The mother of my child has manic depressive disorder and called me at 5am last week planning her death. I'm starting to fear for my sons safety. I'm pretty sure she hasn't taken her medication. I've asked her not to contact me after 9pm unless its...
If by planning her death, you mean that she is threatening to commit suicide while the children are in her care, you should be contacting Child Protective Services in your County. You do not say the ages of the children involved or if they are in her care when she is making these threats, but it sounds to me that these are issues of safety that need to be investigated. You should definitely contact a family law attorney in your area to also seek a change of custody and perhaps obtain a psychological evaluation.See question
My sons mother and I were never married, but we were together until 6 months ago....when we split up I moved out and my son is living with me. He only sees his mother on the weekends. I have no custody over him and have been paying child support. ...
If she does not show up, she will technically be in default. It depends on what type of hearing date you are scheduled for, but if it is for an evidentiary hearing, the judge will allow you to put on your proofs and present your case as to why you think it would be in the best interests of your child for you to have sole legal and physical custody and what parenting time is appropriate and in your son's best interests. If you are before a referee on this matter, the referee will issue a recommendation and she will have time to object if she desires and if she fails to object, it will become a court order. child support will also likely be ordered in this matter depending on if you requested it in your motion.See question
You can use one lawyer in the sense that the lawyer is only representing one of you. In Michigan, one of you will be the Plaintiff and the other one will be the Defendant. The two of you should decide who should retain the lawyer, and although the attorney fees may come out of joint funds, that lawyer will only be giving one of you any legal advice, etc. If everything is agreed to, this should not cause too much of a problem as the lawyer can act primarily as a scrivener to draft your agreement in proper form and then as a counselor to guide you through the legal system to file the papers and get the final hearing date. However, if disputes arise, then that lawyer will only be advising and advocating for the represented party.See question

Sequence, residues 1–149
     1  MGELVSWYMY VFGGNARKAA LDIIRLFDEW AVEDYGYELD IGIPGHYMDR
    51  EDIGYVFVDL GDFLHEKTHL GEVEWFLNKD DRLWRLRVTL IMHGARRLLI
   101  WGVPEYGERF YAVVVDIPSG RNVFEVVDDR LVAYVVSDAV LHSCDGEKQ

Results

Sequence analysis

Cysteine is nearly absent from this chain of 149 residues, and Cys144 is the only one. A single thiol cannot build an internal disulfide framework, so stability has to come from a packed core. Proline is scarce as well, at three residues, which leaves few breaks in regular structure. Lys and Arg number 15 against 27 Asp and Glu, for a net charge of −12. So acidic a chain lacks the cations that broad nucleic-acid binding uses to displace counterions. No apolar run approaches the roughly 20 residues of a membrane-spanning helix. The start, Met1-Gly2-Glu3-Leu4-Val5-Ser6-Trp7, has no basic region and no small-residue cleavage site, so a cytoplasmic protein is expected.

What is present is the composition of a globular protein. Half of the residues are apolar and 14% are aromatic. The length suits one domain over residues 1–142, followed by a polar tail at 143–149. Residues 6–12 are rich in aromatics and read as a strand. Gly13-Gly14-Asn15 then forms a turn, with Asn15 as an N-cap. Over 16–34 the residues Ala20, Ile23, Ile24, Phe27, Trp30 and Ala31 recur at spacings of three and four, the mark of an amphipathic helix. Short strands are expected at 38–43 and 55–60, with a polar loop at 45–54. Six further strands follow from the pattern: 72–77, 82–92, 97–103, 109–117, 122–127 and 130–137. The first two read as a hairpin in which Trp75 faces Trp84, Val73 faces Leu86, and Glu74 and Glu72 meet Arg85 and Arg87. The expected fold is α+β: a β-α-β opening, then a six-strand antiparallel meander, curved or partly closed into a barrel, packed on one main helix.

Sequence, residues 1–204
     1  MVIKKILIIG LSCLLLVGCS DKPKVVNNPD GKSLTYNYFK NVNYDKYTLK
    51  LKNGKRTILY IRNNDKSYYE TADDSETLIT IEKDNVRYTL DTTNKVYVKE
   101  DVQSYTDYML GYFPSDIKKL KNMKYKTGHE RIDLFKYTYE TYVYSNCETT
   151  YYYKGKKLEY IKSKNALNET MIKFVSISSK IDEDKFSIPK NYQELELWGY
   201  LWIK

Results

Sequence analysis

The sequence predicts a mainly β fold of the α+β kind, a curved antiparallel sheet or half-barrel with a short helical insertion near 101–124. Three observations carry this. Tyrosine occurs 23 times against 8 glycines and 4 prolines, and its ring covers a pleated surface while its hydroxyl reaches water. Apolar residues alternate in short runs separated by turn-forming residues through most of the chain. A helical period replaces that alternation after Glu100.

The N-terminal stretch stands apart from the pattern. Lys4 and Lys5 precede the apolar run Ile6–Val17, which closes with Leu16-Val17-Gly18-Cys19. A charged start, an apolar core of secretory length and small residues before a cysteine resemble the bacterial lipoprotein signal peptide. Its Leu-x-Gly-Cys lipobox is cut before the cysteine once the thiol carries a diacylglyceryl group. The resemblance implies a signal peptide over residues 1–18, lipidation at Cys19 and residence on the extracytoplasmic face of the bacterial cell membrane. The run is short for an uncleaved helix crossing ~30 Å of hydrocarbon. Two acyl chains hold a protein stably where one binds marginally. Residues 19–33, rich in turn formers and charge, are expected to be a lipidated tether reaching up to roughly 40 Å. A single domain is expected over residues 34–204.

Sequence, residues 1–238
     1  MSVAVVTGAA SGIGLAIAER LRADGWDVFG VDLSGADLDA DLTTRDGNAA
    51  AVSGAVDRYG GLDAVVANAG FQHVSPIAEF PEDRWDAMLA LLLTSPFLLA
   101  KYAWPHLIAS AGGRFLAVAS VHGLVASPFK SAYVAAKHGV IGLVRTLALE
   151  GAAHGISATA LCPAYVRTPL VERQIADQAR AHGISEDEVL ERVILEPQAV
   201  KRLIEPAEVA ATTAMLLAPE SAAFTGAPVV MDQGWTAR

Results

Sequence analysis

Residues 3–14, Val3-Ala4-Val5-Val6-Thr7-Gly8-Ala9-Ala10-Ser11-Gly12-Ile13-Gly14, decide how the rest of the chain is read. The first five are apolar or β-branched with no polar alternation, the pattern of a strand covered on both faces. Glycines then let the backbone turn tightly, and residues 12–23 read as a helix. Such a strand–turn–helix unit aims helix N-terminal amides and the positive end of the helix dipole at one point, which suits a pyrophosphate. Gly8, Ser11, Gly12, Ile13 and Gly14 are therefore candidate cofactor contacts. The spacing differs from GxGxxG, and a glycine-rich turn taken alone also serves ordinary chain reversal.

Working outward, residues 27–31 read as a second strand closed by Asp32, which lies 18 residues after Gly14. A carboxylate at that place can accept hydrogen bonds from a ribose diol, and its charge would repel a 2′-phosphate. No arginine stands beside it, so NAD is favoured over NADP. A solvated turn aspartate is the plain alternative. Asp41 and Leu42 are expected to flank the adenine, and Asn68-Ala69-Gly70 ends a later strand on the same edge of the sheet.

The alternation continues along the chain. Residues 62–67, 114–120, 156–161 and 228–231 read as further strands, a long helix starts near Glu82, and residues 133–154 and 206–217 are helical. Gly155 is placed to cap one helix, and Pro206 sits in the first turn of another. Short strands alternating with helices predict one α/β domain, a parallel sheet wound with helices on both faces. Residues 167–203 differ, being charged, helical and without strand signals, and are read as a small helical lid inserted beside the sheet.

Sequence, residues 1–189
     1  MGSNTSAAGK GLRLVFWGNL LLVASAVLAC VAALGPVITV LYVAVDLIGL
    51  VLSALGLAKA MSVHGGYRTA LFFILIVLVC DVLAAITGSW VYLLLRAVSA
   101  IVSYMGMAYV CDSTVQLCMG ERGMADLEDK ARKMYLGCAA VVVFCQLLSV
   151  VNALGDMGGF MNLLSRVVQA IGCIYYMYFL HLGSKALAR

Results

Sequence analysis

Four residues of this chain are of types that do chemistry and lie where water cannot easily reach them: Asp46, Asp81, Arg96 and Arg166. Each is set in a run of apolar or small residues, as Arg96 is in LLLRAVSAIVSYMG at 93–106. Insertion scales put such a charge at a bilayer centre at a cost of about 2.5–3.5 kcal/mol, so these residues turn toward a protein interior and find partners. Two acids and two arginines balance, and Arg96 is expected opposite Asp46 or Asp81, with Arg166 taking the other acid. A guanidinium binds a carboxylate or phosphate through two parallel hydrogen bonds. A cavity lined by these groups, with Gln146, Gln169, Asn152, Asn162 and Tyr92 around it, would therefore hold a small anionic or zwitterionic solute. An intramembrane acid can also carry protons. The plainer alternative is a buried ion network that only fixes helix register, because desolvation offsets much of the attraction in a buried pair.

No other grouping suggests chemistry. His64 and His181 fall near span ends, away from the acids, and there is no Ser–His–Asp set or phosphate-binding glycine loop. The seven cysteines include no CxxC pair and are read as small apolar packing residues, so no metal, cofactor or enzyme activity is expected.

i am trying to obtain over nite visitation w/ my sone and have completed my probation w/ random urine tests and mouth swabs..... now my sons mothers lawyer is asking for hair test? is this against my rights and if i refuse can the judge pass judge...
A judge can order you to submit to the hair follicle test. You can refuse. The judge will likely make your parenting time contigent on your submission to the test and negative results. A hair follicle test generally goes back 90 days and tests for various substances. If you will pass the test, then you have nothing to lose and will be able to exonerate yourself and hopefully obtain visitation with your son.See question